What’s Cooking in Gail’s Kitchen? Table Food: Honey Butter Shrimp! Here’s a different kind of main dish that creates a balance of sweet, salty, and a little bit of spice in every bite. Shrimp lovers will not be disappointed with the tender, incredibly mild, slightly creamy taste of ocean shrimp. It’s very good, according to my husband the taste tester. The firmness of each delicate morsel, curled into the C-shape when cooked, makes each bite a succulent delight for the palate. The aromatic ginger, when mixed with soy sauce and sticky sweet honey, will awaken the taste buds for a juicier finish. Done right, this shrimp becomes a labor of love that will surely bring raves.
HONEY BUTTER SHRIMP
1 1/2 pounds jumbo shrimp, peeled and deveined
1/4 teaspoon seasoned salt
1/8 teaspoon white pepper
2 tablespoons olive oil
3 cloves garlic, minced
1/2 teaspoon ginger
1/8 teaspoon cayenne pepper
2 tablespoons butter
3 ounces coconut milk
1 tablespoon soy sauce
2 tablespoons raw honey
Zest and juice from one lime
2 tablespoons cilantro, chopped
Pat the shrimp dry with a paper towel. Sprinkle with seasoned salt and white pepper. Warm olive oil in an iron skillet over medium heat. Add shrimp and cook until pink, about 2 minutes per side. Add minced garlic, ginger, cayenne pepper, and butter. Cook the shrimp in the butter until the garlic caramelizes, about 2 minutes. Add coconut milk, soy sauce, and raw honey. Stir to combine. Simmer 2-3 minutes until completely warmed. Remove from heat. Stir in lime juice, zest, and cilantro. Serve warm over rice.
What’s Cooking in Gail’s Kitchen? Table Food: Brazen Broccoli Bites! Do you roast vegetables in your oven? Of course, you do. Who doesn’t? It’s simple, appealing, tasty, and healthy. It also makes the kitchen smell wonderful, like a woodsmoke fire on a pleasant afternoon in autumn. Herbs and spices enhance the flavor. Olive oil makes them sizzle, while giving veggies visibly charred edges. After a few minutes, fresh produce becomes fork-tender and ready-to-serve. But wait, this is only supposed to be a side dish.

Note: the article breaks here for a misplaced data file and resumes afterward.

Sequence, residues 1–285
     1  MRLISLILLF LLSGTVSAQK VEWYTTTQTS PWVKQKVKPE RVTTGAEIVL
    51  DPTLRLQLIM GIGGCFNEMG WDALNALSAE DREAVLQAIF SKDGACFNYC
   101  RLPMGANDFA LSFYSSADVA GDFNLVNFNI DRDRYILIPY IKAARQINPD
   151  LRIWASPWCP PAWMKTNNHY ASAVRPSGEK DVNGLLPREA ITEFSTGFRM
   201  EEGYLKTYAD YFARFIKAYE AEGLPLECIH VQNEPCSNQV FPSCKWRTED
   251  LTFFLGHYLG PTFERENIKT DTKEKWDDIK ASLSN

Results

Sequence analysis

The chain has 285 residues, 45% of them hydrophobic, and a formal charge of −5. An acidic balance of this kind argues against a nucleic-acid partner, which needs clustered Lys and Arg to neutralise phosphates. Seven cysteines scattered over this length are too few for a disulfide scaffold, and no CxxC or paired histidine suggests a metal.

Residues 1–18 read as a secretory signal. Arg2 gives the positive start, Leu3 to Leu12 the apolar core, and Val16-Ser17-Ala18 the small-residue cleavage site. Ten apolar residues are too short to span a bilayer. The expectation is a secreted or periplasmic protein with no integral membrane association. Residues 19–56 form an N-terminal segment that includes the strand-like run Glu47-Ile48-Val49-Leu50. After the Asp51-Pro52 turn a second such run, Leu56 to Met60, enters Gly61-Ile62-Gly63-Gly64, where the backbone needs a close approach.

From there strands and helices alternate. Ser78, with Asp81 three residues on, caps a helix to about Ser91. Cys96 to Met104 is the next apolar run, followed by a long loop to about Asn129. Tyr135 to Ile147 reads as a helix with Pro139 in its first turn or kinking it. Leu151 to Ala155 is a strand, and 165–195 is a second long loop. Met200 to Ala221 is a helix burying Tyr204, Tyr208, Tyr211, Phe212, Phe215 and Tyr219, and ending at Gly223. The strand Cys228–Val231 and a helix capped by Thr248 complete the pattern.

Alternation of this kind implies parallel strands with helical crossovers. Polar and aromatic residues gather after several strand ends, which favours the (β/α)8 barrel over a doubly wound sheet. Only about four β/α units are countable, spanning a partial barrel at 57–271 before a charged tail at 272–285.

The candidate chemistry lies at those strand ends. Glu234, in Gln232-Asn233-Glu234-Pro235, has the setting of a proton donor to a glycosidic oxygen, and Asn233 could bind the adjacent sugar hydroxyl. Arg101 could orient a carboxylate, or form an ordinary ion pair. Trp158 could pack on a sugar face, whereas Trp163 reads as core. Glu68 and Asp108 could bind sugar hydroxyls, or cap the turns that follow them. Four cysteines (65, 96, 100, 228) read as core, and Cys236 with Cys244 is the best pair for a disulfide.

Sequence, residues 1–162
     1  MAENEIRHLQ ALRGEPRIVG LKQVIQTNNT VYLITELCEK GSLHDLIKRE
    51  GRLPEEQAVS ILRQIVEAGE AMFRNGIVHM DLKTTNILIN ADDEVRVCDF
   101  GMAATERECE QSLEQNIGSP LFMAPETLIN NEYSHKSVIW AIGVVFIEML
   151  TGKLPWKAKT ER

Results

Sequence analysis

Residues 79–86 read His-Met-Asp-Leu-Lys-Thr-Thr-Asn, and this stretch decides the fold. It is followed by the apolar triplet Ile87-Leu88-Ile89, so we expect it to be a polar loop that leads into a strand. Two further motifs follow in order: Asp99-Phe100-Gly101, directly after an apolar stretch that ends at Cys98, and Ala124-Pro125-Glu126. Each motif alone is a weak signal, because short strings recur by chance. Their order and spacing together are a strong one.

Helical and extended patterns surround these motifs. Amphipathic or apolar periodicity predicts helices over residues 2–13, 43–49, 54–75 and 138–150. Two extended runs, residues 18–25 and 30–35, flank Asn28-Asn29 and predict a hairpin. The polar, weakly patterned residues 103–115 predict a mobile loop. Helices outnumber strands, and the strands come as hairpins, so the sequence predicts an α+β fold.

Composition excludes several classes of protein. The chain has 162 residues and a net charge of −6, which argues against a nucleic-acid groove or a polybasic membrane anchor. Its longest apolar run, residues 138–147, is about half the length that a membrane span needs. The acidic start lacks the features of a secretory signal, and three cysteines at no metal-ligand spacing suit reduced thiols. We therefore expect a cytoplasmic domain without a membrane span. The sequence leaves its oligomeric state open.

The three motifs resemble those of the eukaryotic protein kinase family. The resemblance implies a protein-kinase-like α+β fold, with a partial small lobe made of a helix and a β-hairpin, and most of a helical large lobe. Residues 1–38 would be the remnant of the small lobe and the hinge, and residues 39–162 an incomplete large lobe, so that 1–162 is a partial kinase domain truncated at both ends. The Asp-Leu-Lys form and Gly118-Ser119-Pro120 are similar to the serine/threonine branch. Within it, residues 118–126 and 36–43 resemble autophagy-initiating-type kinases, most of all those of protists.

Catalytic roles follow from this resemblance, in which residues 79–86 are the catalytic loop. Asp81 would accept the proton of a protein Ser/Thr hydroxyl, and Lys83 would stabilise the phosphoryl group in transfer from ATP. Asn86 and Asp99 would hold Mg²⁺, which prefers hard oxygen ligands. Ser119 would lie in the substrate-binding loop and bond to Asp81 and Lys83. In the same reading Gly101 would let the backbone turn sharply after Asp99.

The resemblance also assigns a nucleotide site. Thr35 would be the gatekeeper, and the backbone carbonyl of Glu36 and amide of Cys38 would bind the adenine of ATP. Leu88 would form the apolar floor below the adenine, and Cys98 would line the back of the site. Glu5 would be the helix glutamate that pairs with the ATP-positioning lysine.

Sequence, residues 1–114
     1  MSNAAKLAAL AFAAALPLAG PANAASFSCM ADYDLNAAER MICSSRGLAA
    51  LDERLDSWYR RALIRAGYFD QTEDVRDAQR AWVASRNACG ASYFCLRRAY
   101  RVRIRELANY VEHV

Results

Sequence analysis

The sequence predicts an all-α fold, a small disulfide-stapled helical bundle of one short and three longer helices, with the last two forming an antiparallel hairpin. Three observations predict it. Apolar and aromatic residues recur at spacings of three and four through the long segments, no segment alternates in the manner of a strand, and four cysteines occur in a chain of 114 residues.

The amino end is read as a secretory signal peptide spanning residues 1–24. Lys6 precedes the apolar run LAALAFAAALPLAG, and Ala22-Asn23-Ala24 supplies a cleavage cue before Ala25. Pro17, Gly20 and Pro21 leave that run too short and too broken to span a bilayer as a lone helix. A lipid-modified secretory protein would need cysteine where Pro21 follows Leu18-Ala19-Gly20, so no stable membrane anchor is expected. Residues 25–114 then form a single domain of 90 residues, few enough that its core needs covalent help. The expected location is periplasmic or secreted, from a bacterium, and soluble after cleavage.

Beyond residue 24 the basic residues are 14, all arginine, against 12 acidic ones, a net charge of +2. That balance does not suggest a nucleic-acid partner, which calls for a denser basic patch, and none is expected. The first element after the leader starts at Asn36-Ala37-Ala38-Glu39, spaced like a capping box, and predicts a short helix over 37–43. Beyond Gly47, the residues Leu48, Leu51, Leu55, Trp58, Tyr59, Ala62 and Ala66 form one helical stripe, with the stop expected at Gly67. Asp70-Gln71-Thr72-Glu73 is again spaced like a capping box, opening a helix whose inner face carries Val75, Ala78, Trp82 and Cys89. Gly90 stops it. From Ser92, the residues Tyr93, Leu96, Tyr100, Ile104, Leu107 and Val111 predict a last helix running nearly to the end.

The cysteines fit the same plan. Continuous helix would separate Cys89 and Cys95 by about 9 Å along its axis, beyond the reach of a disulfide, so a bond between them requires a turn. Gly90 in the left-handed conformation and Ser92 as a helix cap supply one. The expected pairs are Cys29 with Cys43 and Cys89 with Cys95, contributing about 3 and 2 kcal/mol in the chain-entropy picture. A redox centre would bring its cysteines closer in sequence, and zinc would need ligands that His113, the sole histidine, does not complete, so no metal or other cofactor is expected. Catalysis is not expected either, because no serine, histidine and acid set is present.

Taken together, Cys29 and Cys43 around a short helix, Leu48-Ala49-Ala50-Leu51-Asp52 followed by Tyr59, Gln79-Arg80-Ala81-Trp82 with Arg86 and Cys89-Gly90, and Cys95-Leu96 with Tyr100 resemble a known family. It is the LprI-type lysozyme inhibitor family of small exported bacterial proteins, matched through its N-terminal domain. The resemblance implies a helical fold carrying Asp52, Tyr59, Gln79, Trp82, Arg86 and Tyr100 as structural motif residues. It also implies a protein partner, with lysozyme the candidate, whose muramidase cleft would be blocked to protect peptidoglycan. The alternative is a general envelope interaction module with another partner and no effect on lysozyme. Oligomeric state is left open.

BRAZEN BROCCOLI BITES
3/4 pound broccoli crowns
2 tablespoons olive oil
2 garlic cloves, minced
1/8 teaspoon red pepper flakes
1/4 teaspoon kosher salt
2 tablespoons sliced almonds
1 teaspoon lemon juice
2 tablespoons parmesan cheese, shaved
Lemon slices, for garnish
Preheat oven to 425°. Wash the broccoli; dry thoroughly. Cut the broccoli florets from the stalks, slicing some lengthwise. In a bowl, whisk together olive oil, minced garlic cloves, red pepper flakes, and kosher salt. Add broccoli; toss to coat. Transfer to a rimmed baking sheet. Arrange in a single layer; avoid crowding. Roast broccoli for 10-12 minutes. Flip and bake 10 minutes longer. Sprinkle almond slices over all. Roast 10 minutes longer until broccoli is evenly caramelized. The almonds will be toasted and golden. Transfer to a platter. Gently toss with lemon juice. Top with shaved parmesan cheese. Garnish with lemon slices. Serve immediately.
What’s Cooking in Gail’s Kitchen? Talking Points: Thai Curry Compound Butter! Flavor your favorite meats or slather it on crusty breads and crackers. Thai spices Rock! Maybe you can’t exactly put your finger on it. Thai seasoning is that unique. It appeals to the senses. Not only are the spices aromatic, but their diverse array of sweet, sour, bitter, and salty sashay around the room in a rhythmic dance to a different drum. Is it any wonder we are magically drawn to the earthy quality in Thai food? The colors and texture can be mesmerizing without overpowering the intensity of a dish. Now perhaps you may feel as though I am simply trying to butter you up, but tasting is believing.